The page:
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Article: Is Ervin Santana An Ace?

ervin santana johan santana rick porcello kyle gibson scott baker
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#1 Cody Christie

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Posted 15 May 2017 - 08:30 PM

Teams are always looking for the one pitcher who can be their rock. The pitcher who always ends a team's losing streak. The pitcher who will pitch late into a game. The pitcher who lets the bullpen take the night off. The pitcher who is in contention for the Cy Young Award.

The Ace...

Unfortunately, there aren't exactly a plethora of aces lying around for teams to scoop up. It's been many years since the Twins have been able to call someone their ace. Johan Santana comes to mind but he hasn't put on a Twins jersey in close to a decade. In fact since Santana left, only two pitchers have led the Twins in WAR, Scott Baker and Kyle Gibson.

A spirited debate was circling Twitter over the weekend. Should Ervin Santana be considered an ace? He's off to a tremendous start but does he fit the criteria for being an ace.What Is An Ace?
Sporting News compiled a few different theorieswhen it comes to identifying an ace. Theory one was the best starting pitcher on each team. Santana clearly fits into this category as he leads the Twins staff in virtually every statistic. This theory has some holes as there are clearly teams who don't have an ace pitcher and their best starter shouldn't be considered an ace.

Theory two states that an ace should be among the top 30 starters in the league. Santana would fail into this category again as his fast start has him near the top of the league in multiple categories. However, 30 aces seems like a lot especially when combining both leagues to get to 60 pitchers. There aren't 60 aces across the baseball world.

Theory three says an ace should be better than a number one starter and theory four states that an ace should be higher than a chosen statistical threshold. Santana could meet both of those criteria this year but he clearly doesn't have the history to fit into the mold of an ace pitcher.

Santana's History
Santana has one lone All-Star selection in his career. That same season he finished sixth in the Cy Young voting and it was the only year he has received a vote. He only has one season where he has finished in the top-10 in WAR for pitchers. There have been two seasons where he finished in the top-10 for ERA and three seasons where he was in the top-10 for WHIP. He's done some good things during his career but his resume doesn't exactly scream ace.

This season he is on pace to finish the year near the top of the leader-board. Last week, I wrote about how it seems more likely for Santana to come back down to earth in the weeks ahead. His only hiccup has been against the Red Sox last Sunday. Based on his history, it seems like regression is on the horizon for Santana instead of the Twins planning a Cy Young press conference for the off-season.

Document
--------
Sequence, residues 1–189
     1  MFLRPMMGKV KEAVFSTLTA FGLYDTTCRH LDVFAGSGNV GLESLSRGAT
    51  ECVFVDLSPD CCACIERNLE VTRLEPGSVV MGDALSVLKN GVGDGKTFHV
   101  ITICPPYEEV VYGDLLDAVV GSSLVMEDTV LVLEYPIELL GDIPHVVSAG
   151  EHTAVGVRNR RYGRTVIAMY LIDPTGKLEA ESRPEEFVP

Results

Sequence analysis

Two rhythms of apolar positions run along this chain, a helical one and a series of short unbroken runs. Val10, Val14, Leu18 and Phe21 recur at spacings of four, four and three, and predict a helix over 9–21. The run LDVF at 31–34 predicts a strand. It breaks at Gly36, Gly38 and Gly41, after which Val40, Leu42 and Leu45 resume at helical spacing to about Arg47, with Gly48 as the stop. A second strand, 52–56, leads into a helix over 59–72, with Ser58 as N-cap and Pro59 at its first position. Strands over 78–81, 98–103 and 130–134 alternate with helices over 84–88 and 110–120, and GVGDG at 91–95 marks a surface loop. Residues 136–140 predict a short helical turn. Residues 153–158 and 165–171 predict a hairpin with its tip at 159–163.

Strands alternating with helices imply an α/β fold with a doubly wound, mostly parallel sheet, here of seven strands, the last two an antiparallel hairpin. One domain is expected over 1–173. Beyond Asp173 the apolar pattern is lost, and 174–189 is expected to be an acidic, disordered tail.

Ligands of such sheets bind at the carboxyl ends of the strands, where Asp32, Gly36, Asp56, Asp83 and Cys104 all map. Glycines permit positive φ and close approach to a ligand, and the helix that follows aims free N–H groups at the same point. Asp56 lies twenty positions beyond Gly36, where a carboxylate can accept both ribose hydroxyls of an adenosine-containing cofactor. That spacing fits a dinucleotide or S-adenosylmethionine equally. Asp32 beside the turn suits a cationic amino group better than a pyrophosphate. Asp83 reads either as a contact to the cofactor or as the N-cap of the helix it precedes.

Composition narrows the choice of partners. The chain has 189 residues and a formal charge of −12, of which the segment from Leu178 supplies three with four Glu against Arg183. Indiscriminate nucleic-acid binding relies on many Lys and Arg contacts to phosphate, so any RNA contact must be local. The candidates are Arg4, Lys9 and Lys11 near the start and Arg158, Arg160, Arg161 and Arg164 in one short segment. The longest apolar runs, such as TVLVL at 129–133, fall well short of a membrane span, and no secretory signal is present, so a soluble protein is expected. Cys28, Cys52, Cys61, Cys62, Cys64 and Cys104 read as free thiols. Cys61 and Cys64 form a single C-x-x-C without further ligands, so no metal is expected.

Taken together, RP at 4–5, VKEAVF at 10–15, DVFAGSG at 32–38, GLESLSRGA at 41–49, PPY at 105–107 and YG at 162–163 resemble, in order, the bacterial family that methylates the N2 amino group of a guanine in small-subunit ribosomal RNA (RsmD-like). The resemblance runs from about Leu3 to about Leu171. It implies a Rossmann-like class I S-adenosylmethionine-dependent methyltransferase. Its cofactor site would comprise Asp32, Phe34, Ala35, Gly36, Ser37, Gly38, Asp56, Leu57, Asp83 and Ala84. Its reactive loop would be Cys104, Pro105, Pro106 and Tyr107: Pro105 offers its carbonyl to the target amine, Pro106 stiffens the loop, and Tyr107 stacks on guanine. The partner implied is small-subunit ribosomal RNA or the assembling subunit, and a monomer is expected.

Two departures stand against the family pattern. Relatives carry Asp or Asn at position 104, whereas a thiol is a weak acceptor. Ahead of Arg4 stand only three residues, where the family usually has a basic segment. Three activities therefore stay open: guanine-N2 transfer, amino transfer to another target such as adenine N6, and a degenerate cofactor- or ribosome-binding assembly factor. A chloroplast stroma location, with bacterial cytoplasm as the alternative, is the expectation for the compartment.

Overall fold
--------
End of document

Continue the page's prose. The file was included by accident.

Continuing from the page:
The Curious Case of Rick Porcello
Last season, Rick Porcello came out of nowhere to win the AL Cy Young. He'd hardly shown up on any major leader-board through out his career. He'd never been an All-Star. In fact, he'd only posted a positive WAR in three of his first seven seasons. At the end of the season, he was awarded one of baseball's highest honors but there are very few people who would call Porcello an ace even with last year's hardware over his mantel.

Porcello seems to have morphed back into his true self this season. His ERA is north of 4.00 and he leads all of baseball in losses and hits allowed. His WHIP has moved back over 1.33 which is much closer to his career mark than the 1.01 WHIP he compiled in 2016. Baseball is a weird game and pitchers can have great seasons but that shouldn't qualify them as an ace.

Less Is More
While the theories discussed above show some ways to select baseball's aces, there are still plenty of flaws. If I am creating a list of aces in baseball, the list isn't going to be very long. To me, an ace needs to be a player who has shown consistency for multiple seasons while being a top pitcher in all of baseball.

Here are the pitchers I would consider aces from both leagues (in alphabetical order):
Jake Arrieta, Madison Bumgarner, Zack Greinke, Felix Hernandez, Clayton Kershaw, Corey Kluber, David Price, Chris Sale, Max Scherzer, Justin Verlander

There are only ten players on my list of aces. Ervin Santana is nowhere near making the cut. He could end up having a Porcello-like season and be in contention for the Cy Young but that wouldn't change my mind about it. He's not an ace.

Do you think Ervin Santana is an ace? Who would make your list of current aces in baseball? Leave a COMMENT and start the discussion.

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#2 FlauerPauer

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Posted 15 May 2017 - 08:44 PM

Doesn't matter if he helps the Twins make the playoffs.

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#3 D.C Twins

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Posted 15 May 2017 - 08:51 PM

In the land of #5 starters, a #2.5 starter is an ACE.

 

But no, will not be seen as an ACE by other clubs at the trade deadline which is what matters most.